Tuesday, December 14, 2010

The Kingdom of Possibilities

The Kingdom of Possibilities by Tim Mayo
Reviewed by Martin Abramson

The Kingdom of Possibilities
Mayapple Press
Paperback, 70 pages
ISBN: 978-0932412-76-8

Such plain short poems (most only one page) and such simple titles (“The Beautiful Woman,” “The Last Gift”) … and so complex! Each poem is a Zen puzzle: dense, elliptical: often presenting the ambiguity of a crossword clue: verb? noun? adjective? We know there’s something happening here, and we want desperately to grasp it; but it keeps moving just out of sight like shelves in the sheep’s shop in Looking Glass world. Eventually, we begin to suspect that imparting complete understanding is not the author’s purpose; that he has deliberately left out the trail blazes because, in offering a only a partial image, he compels us to supply the missing portions ourselves, from the only place they can be found … our own experience.

We cannot say of any of these poems, “Been there, done that”, and dismiss it. Because the poem has changed the experience … if only by virtue of a unique clutch of words. Talking to himself in Mot Juste, Mr. Mayo wishes he could snip the narrative at the place where the “spirit of what you have struggled to articulate/ hardens/ like consonants around the illusive vowels/ of your life---”. “The Fisherman on the Screen” subtly explains:

The trick is in the line. How you cast back, letting
it unfurl behind you---then forward, rolling its
bight and loop so it alights on target, invisible,
kissing the surface right above your fish.

Mayo wants the “line’s back and forth… to always/ balance all that’s ever been behind you---with all that will ever be…” In “A Reflective Voice” Mayo adds:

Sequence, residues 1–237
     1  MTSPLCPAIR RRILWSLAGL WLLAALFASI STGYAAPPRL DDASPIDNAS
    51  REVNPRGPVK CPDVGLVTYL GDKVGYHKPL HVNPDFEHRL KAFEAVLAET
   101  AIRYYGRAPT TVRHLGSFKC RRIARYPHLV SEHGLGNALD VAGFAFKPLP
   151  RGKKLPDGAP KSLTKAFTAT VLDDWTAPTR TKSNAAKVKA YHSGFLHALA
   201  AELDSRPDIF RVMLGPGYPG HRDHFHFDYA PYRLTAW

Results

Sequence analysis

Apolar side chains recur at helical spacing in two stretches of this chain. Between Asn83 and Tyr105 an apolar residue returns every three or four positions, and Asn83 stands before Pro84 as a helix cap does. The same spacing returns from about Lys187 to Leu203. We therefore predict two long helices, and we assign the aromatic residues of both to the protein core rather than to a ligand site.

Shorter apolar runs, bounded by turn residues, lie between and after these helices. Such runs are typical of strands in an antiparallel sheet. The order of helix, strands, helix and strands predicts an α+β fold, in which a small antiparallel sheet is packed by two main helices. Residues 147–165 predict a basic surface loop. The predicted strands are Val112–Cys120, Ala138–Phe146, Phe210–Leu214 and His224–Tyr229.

Now I write in a visual way
showing the clear words
all at once, not as words
but forms upon a surface…

The first poem “How It Comes to You” displays Mr. Mayo’s style immediately. Like “The Road Not Taken”, it presents baffling choices that scholars could debate for years. Only instead of roads in a wood, we have trains in a subway station.

“The Beautiful Woman” tells us “beauty is an emotion from which desire splurges/ like a prodigal” and shows how the effects of that emotion can leave a woman scarred for life.

“The Story You Never Read” is the one about:

… the poet
who died from pushing a pencil, piercing
the drum of his ear to touch, indelibly
that small, delicate place in the brain

where perception and living converged…

Mayo’s incredibly tactile filmstrip of a snake slowly swallowing a frog in “The Frog and the Snake” brings death to his mind and particularly the death of the narrator’s mother by her own hand (perhaps with the pearl-handled pistol of “Waltzing Through”). And like Camus’ Stranger, he feels nothing. This is our first clue to circumstances of the narrator’s life as repeated in several poems: raised by adoptive parents; never knowing the real ones. The first realization of this, described in “Name” tells of a “ripping apart” when told the truth about his origins, causing a dislocation that defamiliarized the face in the mirror “to whom each day/ I offered my razored hand”.

Lacking a past, the narrator lives in the ‘eternal present’ of “The Last Gift”. He inhabits a ‘kingdom of possibilities’ imagining all the scenarios of what his life could have been. He speculates on the imagined duality of motherhood in “Two Mothers”. In “Honey” he stands before his mother’s grave where she rests “as if waiting for some sweet yes I never/ said” while “A few plots over, a mower buzzes in the heat/ like a bee working the flowers for its queen”. In “Father Poem” he meditates on the futility of searching for a father whom, even if found, could only turn out to be a shallow bumpkin. In “Nineteen Forty-Five” the narrator imagines his parents, “the strangers I have wanted to know my whole life”, conceiving him in an automatic physical act--- and he tosses them “once again, from my mind/ never asking that which is too late to answer”.